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Battle lines forming in LA Unified for ‘Local Control’ spending

Vanessa Romo | April 3, 2014

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imgres-4The battle over the new money coming into LA Unified from the state’s new Local Control Funding Formula starts in earnest tomorrow when Superintendent John Deasy lays out his plan for the 2014-15 budget.

Deasy is meeting with reporters to unveil his spending priorities plan for an estimated $390 million the district will receive in extra resources, before he presents it to the school board on Tuesday.

It’ll be the first glimpse of how well (or how poorly) competing interests have lobbied for a piece of the pie, and it’s likely to kick off of an intense debate over dollars as the district — like all school districts in California — formulates its Local Control and Accountability Plan (LCAP) over the next couple of months.

A preview of the pressures came into view today when Communities for Los Angeles Student Success (CLASS) and various constituencies outlined their wish-list for some of the districts’ neediest schools.

Under the new plan, districts will receive a base grant per student. Beyond that, students who are either low-income, foster youth or English learners earn supplemental money. Additionally, schools with more than 55 percent of low-income students get concentration grants.

Elmer Roldan, education program officer at United Way of Greater Los Angeles, said the group is calling on Deasy to allocate 80 percent of the supplemental and concentration funds for use in educating students with the highest needs.

“Because these students are the reason that LAUSD is receiving this extra funding, then we want that to be the priority for the district,” he said.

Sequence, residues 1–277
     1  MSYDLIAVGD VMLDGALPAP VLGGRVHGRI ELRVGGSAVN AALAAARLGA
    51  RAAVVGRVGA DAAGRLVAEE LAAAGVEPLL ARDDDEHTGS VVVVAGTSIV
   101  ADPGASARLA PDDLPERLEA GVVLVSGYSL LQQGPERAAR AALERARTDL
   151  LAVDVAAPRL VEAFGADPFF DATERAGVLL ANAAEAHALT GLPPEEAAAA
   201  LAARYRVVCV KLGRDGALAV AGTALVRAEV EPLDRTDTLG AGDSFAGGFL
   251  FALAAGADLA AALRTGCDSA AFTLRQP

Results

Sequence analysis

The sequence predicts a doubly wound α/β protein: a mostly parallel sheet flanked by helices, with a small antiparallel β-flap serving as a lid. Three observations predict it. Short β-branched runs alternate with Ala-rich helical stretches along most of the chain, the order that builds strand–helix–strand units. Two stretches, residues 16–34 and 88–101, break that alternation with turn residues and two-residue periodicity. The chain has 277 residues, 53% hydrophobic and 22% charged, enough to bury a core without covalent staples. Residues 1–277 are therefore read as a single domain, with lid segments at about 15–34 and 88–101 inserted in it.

United Way is also urging the district to allow spending decisions to be made locally — by principals, teachers and community members  — and not centrally by district officials. Furthermore, they are asking the district to reserve an additional $50 million for foster care services and $25 million for English learners.

Roldan called unfair an argument made by school board members whose districts cover more affluent areas, that the district should invest the extra revenues in districtwide initiatives since more than 80 percent of LAUSD students are high need.

“This would make sense of all kids came into the classroom living in the same conditions with the exact same opportunities, but we know that that’s not the case,” he said.

Angela Vazquez, a policy analyst with the Advancement Project, wants a plan that puts foster youth students front and center. Her group is staging a rally on Monday

As an example of the need, she says there are only three staff people dedicated to serving more than 8,000 foster care students in the district.

“We know that foster youth are the least likely to graduate, the most likely to drop out and the most likely to change schools during the year,” she said. “They face an achievement gap on statewide tests, even compared to other LCFF target populations.”

Once Deasy shares his proposal with the board, the lobbying for priorities is expected to intensify and probably continue until the LCAP plan is complete.

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